Into the GildercosmJustin Hibbard
George Gilder recently stopped by for a visit. You may remember him from the telecom bubble when his bullish newsletter, Gilder Technology Report, could goose stock prices. That hot streak came to a humbling end, as Gary Rivlin adroitly chronicled in this 2002 Wired story. But indomitable George is back, and he's worked up about the semiconductor industry. His language is as messianic as ever. Forget the telecosm. Get ready for the "planetary sensorium."
By that, Gilder means a world dotted with billions of interconnected imaging sensors and radio frequency identification (RFID) tags. A camera chip in every dark alley. An RFID tag on every piece of merchandise. Data whizzing around the globe to be correlated with other data. No crime unseen. No movement of goods undetected.
Right off the bat, let's deal with the obvious: privacy.
Gilder: "Most of human history occurred in small villages where there were periodically wildfire rumors that ended in someone being burned as a witch. All this stuff makes it possible to document that you didn't commit the crime."
Me: Okay, but do I want the government in my business?
Gilder: "A lot of people have what I regard as the egocentric idea that the government is constantly interested in everything they do. This is a delusion. But from time to time, you do actually want to know what people are doing. This technology makes that possible and preserves the privacy that's most important to most of us, which is our ability to live and be free."
Me: I'm living free right now without a camera peeking in my shorts, but I get the point.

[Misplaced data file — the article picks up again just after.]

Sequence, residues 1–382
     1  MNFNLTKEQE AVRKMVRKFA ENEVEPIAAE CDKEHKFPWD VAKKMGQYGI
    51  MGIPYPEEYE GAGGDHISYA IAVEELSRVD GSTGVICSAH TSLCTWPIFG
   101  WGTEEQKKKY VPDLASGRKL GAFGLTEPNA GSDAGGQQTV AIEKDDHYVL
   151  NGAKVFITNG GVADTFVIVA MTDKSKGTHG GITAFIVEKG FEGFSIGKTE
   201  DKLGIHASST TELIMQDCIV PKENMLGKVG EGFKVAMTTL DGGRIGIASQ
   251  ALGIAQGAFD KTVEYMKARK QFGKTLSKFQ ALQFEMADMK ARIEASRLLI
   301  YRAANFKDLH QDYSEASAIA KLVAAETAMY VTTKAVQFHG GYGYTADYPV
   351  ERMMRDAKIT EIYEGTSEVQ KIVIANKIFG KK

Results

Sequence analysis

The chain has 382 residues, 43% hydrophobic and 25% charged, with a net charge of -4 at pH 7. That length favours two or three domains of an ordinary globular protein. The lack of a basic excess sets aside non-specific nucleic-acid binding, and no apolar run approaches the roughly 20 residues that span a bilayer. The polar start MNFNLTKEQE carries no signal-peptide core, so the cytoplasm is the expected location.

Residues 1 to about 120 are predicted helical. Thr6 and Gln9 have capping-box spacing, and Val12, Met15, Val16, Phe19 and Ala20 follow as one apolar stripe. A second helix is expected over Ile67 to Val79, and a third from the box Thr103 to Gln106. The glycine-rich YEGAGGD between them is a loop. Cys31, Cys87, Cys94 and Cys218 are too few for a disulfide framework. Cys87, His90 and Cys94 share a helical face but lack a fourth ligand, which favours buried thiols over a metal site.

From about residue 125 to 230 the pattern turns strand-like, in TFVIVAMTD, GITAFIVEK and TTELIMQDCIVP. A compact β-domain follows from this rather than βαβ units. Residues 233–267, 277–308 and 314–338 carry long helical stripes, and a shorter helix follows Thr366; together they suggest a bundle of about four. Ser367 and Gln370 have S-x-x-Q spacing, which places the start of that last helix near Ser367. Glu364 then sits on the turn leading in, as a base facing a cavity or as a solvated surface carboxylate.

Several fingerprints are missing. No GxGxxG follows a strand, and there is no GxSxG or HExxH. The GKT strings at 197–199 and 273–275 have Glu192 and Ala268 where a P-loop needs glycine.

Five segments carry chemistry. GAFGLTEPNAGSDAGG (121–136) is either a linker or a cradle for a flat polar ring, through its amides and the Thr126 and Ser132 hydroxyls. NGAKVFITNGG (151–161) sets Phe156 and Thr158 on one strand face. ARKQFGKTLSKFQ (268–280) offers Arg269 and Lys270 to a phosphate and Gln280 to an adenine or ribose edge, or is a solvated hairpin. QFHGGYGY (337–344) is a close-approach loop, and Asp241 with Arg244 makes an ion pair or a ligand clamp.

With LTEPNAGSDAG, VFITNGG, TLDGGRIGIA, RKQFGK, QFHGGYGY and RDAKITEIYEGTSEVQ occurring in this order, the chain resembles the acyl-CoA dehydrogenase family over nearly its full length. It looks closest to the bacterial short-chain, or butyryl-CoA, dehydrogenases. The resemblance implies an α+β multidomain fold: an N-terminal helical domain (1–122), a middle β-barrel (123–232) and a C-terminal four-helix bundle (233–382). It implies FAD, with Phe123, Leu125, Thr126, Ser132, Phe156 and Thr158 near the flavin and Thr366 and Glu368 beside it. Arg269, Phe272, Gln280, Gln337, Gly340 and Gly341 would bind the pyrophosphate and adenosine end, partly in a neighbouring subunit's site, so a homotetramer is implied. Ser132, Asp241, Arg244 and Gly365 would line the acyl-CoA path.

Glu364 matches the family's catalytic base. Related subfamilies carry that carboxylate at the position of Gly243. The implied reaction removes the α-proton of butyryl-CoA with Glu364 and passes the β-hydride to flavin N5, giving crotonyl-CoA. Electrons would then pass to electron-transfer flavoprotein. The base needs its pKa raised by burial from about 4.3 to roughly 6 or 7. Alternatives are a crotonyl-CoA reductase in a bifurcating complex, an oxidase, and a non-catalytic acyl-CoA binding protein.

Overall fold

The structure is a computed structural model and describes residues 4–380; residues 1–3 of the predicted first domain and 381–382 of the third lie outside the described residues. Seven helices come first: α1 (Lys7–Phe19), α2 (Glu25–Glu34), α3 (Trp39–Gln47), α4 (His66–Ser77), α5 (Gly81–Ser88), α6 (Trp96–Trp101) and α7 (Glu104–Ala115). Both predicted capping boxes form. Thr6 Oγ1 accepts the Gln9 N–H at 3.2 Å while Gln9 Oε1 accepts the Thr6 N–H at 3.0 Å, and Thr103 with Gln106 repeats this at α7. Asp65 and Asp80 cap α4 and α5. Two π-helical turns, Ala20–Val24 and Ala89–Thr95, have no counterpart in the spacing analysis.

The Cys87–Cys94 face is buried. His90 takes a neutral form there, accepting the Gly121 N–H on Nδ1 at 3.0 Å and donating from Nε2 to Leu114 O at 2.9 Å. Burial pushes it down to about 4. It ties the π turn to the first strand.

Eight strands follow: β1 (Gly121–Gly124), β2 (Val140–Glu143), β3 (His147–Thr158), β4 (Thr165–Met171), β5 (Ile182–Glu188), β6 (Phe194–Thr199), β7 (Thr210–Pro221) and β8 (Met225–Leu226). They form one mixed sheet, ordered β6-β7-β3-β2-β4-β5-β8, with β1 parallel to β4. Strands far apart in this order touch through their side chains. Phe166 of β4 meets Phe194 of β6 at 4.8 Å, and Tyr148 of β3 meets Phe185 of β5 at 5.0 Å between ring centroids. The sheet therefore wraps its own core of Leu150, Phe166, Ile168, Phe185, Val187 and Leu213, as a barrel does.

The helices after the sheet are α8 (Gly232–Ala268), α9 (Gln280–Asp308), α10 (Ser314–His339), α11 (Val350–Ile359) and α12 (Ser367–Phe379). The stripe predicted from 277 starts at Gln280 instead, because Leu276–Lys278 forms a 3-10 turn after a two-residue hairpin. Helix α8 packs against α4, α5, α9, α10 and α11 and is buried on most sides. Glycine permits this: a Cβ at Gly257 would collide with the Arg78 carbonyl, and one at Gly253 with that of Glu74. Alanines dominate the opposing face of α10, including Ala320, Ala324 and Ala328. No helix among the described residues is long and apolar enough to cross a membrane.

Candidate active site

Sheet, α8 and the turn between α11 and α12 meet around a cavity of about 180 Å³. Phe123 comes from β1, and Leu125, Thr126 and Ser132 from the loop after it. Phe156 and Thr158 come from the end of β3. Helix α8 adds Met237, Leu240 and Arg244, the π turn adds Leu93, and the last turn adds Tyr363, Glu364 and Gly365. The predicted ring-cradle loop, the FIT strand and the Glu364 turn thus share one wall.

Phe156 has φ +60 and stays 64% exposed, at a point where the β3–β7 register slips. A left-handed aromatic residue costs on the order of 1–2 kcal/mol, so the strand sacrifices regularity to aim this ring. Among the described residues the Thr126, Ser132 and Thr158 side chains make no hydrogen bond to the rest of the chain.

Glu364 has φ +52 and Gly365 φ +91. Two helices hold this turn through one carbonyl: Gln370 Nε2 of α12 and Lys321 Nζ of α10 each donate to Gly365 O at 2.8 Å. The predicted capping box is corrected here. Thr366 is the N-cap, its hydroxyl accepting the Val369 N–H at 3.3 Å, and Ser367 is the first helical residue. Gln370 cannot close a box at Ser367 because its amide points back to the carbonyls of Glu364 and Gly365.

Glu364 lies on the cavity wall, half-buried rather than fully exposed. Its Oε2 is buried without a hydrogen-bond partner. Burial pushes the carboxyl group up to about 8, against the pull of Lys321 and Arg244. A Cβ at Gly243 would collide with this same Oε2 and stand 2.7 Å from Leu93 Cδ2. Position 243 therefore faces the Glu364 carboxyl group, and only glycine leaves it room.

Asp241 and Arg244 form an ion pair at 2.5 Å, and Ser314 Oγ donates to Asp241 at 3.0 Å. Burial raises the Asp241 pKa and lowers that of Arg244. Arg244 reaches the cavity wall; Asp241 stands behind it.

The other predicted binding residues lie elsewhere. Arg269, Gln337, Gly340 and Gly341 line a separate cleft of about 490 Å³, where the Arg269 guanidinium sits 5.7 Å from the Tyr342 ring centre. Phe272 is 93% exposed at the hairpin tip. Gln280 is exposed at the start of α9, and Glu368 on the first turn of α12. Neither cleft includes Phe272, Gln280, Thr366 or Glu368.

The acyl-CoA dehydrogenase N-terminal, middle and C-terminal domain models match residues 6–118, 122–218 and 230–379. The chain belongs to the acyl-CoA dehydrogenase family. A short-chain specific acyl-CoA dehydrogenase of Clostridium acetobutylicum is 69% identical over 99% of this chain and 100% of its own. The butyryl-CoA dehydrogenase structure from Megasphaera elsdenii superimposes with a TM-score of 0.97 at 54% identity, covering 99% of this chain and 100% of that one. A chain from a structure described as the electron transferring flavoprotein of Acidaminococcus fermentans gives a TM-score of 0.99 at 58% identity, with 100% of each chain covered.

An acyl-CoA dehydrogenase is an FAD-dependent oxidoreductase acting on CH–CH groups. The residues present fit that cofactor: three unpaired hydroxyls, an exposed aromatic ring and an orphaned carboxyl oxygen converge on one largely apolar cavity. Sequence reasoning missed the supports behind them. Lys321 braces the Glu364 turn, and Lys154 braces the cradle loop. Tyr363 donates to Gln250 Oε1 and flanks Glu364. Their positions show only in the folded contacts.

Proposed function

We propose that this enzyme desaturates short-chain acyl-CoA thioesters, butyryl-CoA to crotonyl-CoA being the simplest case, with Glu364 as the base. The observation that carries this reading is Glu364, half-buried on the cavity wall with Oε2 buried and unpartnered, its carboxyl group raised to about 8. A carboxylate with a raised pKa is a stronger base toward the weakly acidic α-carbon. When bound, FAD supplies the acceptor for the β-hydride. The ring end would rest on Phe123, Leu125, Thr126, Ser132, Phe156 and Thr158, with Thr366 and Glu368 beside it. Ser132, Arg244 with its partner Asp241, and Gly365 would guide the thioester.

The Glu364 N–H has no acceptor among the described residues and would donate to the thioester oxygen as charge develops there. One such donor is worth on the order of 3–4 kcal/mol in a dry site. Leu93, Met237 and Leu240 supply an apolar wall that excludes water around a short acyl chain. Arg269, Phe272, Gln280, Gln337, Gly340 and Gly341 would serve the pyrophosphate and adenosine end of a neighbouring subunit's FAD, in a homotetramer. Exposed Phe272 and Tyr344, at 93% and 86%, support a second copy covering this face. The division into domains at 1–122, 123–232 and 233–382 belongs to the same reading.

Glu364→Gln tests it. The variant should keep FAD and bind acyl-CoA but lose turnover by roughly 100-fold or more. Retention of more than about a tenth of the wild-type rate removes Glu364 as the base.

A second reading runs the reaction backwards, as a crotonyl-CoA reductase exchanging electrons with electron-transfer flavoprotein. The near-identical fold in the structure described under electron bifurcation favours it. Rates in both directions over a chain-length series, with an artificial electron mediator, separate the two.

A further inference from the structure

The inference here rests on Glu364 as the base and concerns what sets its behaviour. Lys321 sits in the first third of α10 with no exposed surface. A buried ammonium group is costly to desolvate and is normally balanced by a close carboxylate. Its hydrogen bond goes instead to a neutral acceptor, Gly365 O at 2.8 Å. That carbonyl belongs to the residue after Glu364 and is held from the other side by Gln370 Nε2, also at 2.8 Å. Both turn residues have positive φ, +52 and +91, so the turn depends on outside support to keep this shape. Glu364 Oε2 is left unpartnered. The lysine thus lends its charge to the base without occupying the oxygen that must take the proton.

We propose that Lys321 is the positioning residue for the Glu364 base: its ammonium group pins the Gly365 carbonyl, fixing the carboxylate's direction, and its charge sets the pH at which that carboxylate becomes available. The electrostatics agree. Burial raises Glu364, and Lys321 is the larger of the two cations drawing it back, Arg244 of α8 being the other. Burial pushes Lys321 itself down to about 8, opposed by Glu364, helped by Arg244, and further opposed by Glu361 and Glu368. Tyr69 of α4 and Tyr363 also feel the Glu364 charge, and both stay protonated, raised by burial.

Some background on Gilder's politics. Back in the '80s, he wrote a popular book on supply-side economics, Wealth & Poverty, which was a favorite of the Reagan administration. A liberal professor of mine at U.C. Berkeley once devoted a whole lecture to tearing the book apart. I remember finding W&P predictably conservative but not as outrageous as the prof made out. But hey, I was more interested in girls and The Replacements back then.
Anyway, Gilder believes ubiquitous chip-dom is about to materialize because of changes in the economics of the semiconductor business. "The old semiconductor industry was based on abundant power," he says. "Now, we're in an environment where power is the key scarcity. Every performance metric is governed by watts it consumes. It's not bit per second. It's bit per second per watt for everything."
According to this new paradigm, RFID chips are "more powerful than a Pentium," Gilder declares. Whereas the Pentium uses about 80 watts, an RFID chip uses microwatts to power a processor, memory, and radio transmissions. That's quite a feat in a world where low power consumption determines value.
Lots of ideas about cheap, low-power chips were developed by CalTech professor Carver Mead and his students. Gilder has a new book, The Silicon Eye, about Mead's latest VC-backed startup, Foveon, which makes the kind of imaging chips that would be ubiquitous in Gilder's global panopticon. One of Mead's students, Chris Diorio, founded a VC-backed RFID company that Gilder likes: Impinj. Check out the book if you want a complete tour of the Gildercosm.